Have you ever heard the saying “Yesterday is history, tomorrow is a mystery, today is a gift of God, which is why we call it the present?” Let’s give credit where it is due. That quote belongs to Bill Keane, the creator of the old cartoon Family Circus. Mother Teresa had a very similar one. She said, “Yesterday is gone. Tomorrow has not yet come. We have only today. Let us begin.”

I tend to be a worrier. I think a lot – at times, even when I don’t really want to, so for me, I need to work on bringing my focus and attention back to the moment quite often. That is why I love both of those expressions. It is also why I am very interested in a popular trend in mental health known as mindfulness.

Although there is nowhere near the volumes of research done on topics like mindfulness as compared to physical exercise, studies are starting to show results of some of the wonderful health benefits of mindfulness. According to a Perspectives on Psychological Science study, these benefits fall into four basic categories: self-awareness, body awareness, regulation of attention and regulation of emotion.

Most likely, you have experienced some experience similar to this one. You and your spouse had an argument just as you were getting ready to leave the house for work. You both said some things in the heat of the moment, obviously, you’re both still upset, but you have to shelf things because of time constraints. So, off to work you go.

Fifteen minutes later, you’re pulling into the parking lot at your office, completely without any recollection about your trip. All you remember is the continuous replaying of the argument you were just involved in and wrapped up in all the negative emotions, reliving them over and over again. You may even have fast-forwarded things in your imagination to round two which hasn’t even occurred yet, in which you let your partner know exactly how you feel and what they did to hurt your feelings.

The point isn’t about the argument, nor is it about the emotions or your partner. It is about the total loss of the time you traveled to your office. You were living fifteen minutes in both the past and the future, without a single moment in the present. When this routinely occurs, more than the commute to the office is lost. We lose the moments of true enjoyment that only come from being fully engaged when we play with our children. We miss out on the glorious beauty of the sunset because we are preoccupied or mentally rehearsing tomorrow morning’s meeting. The more often this happens, the more we miss out on the only real life moments that we have.

Mindfulness speaks to a way to recapture the ability to live in the present. It is a full and complete awareness of the current moment. It is an exercise in perceiving the here and now to the fullest, involving all our senses. What does this moment smell like, sound like, look like, feel like? It may sound very basic, but mindfulness is not something easily or simply achieved and attained.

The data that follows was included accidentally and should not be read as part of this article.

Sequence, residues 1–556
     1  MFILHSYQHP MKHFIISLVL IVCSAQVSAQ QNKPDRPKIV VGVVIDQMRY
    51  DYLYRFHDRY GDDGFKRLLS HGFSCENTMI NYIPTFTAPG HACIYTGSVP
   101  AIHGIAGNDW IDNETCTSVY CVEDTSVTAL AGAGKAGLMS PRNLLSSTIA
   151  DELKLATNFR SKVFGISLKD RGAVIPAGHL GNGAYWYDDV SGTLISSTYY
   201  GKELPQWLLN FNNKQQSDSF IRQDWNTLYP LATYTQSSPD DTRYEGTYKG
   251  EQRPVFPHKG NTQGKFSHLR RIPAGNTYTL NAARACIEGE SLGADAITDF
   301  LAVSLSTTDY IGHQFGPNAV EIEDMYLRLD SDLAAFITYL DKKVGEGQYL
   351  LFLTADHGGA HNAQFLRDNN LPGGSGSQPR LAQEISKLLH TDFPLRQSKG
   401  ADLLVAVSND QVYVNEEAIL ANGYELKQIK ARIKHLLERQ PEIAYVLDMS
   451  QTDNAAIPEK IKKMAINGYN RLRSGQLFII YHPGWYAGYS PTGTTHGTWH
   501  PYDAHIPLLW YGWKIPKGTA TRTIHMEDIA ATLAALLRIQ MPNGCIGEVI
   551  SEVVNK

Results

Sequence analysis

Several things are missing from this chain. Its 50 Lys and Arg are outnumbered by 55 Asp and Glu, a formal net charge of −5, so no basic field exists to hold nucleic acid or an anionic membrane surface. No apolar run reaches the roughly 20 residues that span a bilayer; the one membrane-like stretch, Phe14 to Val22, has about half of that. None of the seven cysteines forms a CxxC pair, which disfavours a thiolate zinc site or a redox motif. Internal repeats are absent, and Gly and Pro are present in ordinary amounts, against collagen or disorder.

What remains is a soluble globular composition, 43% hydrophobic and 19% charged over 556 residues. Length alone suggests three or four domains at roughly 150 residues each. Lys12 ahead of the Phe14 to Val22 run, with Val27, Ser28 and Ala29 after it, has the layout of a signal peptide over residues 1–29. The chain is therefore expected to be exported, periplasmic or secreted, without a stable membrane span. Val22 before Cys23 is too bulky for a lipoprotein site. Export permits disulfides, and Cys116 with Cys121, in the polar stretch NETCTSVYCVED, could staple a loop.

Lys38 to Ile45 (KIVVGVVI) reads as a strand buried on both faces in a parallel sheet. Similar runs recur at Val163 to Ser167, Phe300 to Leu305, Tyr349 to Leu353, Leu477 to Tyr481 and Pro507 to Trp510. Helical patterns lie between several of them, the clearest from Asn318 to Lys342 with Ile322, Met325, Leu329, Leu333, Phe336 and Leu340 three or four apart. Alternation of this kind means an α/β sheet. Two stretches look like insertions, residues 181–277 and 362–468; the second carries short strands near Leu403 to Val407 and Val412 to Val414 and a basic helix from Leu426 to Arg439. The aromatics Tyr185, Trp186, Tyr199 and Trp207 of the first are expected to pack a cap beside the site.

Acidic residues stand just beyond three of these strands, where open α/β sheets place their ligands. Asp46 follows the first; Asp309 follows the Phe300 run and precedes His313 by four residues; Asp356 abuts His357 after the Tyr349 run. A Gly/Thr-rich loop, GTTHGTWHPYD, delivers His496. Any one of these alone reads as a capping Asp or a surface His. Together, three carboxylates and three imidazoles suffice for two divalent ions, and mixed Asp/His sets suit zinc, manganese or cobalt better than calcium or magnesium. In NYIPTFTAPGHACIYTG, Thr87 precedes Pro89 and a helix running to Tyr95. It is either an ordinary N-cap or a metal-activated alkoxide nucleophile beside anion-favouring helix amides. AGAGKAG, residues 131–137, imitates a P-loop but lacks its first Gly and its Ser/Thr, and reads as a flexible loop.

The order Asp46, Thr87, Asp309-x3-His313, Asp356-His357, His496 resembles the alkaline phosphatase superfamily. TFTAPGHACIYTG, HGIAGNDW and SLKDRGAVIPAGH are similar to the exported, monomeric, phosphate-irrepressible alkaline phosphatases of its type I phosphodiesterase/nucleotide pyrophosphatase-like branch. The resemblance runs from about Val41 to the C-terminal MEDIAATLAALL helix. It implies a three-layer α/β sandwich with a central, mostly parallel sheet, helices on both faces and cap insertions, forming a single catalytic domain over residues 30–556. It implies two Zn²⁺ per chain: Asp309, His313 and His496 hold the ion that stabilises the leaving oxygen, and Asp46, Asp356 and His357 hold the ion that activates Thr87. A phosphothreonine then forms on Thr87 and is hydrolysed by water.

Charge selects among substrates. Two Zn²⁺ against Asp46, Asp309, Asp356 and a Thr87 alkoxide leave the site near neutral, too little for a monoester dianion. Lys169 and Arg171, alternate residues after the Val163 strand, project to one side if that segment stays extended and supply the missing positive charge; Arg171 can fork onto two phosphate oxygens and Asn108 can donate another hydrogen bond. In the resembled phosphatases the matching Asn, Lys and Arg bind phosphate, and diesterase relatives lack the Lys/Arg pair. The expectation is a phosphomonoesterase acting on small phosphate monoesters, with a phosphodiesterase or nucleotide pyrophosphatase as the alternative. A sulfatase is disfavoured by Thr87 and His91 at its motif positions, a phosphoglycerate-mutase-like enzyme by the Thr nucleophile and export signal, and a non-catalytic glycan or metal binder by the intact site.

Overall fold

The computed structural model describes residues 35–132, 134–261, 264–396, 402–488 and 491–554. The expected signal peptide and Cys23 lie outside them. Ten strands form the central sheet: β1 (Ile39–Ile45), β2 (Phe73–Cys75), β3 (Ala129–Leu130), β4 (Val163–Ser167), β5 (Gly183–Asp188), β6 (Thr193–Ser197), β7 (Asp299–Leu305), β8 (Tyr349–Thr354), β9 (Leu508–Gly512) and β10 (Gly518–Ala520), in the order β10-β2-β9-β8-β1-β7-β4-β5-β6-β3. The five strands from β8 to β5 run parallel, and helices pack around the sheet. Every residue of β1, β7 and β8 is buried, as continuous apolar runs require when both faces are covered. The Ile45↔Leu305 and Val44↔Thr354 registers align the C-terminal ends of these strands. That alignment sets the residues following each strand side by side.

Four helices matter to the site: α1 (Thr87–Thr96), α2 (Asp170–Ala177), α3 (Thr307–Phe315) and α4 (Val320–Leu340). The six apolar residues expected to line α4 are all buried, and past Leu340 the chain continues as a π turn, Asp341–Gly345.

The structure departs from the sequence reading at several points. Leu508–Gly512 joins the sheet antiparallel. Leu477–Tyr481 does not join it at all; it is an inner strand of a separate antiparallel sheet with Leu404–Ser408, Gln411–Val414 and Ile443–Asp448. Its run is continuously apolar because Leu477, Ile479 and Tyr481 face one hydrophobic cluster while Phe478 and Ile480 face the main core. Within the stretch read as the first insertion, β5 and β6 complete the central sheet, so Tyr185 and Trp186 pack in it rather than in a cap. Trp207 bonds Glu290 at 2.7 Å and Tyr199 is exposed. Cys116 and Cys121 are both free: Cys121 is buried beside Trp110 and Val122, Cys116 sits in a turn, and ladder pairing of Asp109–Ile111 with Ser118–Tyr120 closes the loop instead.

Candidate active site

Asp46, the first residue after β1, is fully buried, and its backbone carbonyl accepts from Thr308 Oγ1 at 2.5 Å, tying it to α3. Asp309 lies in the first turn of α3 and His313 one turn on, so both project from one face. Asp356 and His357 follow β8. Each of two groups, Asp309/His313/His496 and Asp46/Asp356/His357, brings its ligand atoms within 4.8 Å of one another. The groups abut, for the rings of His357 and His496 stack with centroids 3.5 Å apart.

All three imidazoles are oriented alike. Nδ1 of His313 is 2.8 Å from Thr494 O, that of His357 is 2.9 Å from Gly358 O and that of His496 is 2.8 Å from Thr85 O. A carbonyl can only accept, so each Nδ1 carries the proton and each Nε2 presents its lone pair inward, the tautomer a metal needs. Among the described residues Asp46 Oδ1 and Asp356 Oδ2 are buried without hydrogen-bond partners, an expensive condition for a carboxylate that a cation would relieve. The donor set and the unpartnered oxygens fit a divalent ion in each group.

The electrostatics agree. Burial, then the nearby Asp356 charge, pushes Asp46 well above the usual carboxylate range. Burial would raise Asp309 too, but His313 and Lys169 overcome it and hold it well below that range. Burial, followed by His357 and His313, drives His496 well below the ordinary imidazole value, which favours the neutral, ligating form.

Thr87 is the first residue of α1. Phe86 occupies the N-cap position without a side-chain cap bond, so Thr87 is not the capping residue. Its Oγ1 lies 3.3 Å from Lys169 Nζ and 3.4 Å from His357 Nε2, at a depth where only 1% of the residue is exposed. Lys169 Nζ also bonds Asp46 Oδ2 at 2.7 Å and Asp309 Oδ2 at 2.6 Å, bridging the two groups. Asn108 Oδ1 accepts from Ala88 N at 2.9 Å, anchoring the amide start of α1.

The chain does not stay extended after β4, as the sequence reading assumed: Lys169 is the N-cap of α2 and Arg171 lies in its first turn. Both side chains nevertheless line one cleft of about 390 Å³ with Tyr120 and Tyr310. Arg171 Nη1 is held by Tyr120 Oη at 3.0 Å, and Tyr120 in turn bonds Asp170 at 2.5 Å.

It requires a lot of discipline and concentration. Many people work to achieve mindfulness through meditation in which they schedule specific times to quiet all the outside chatter so that it becomes possible to zero in on the present fully – focusing in on how our body is without any thought or attempt to alter it; focusing in on ourselves, getting in touch with how we are feeling and who we are and accepting ourselves without judgment, unconditionally.

Mindfulness also helps us learn to regulate our attention. When I first began practicing it, I could not still my mind and my racing thoughts. My mind did not know how to just let myself ‘be’ in the moment. All the thoughts of what I wanted to do or had to get done, all my concerns about things that happened, or ideas that popped into my head, completely ruled out and invaded my ability to focus on ‘nothingness’.

One of my personal favorites on this is Dr. Wayne Dyer – who refers to this as the gap between the thoughts. That image works really well for me. But I am proof that it does get easier to do the more you practice it. There still are times when I have a harder time quieting my future and past ‘voices’ inside my head; but when I do, there is a sense of peace and lightness to the present that is almost indescribable.

Once we learn how to regulate our attention better, it becomes easier to regulate our emotions better. I am talking about keeping feelings more balanced here, not dismissing them or minimizing them – but being able to keep them in a healthier, more manageable proportion so that we don’t worry as much about the future and don’t feel the need to rehash the past over in our heads again and again.

Mindfulness helps us to free ourselves up and give ourselves permission to experience things as they happen, when we are most aware of what we are doing and how we are doing it, thereby bringing more of what we have to offer, making us more efficient and productive. It is an invitation to wake up and transform your problems, fears, pain and stress so they don’t control you and destroy the quality of your life any longer.

But don’t take my word for it; try it yourself. I found a site that offers free downloadable mindful meditation clips,in MP3 format, ranging from about five minutes to 30 minutes in length at http://www.freemindfulness.org. Give yourself a month in which to make it a routine and see how you feel then. I promise, you’ll be glad you did.

Author's Bio: 

I’m a licensed clinical social worker and have worked extensively as a counselor with children, adolescents, couples and families. I combine professional experience in the mental health field along with my love of writing to provide insight into real-life experiences and relationships. I hope my down-to-earth approach to living a happier, more meaningful life is easy to understand and just as easy to start implementing right away for positive results!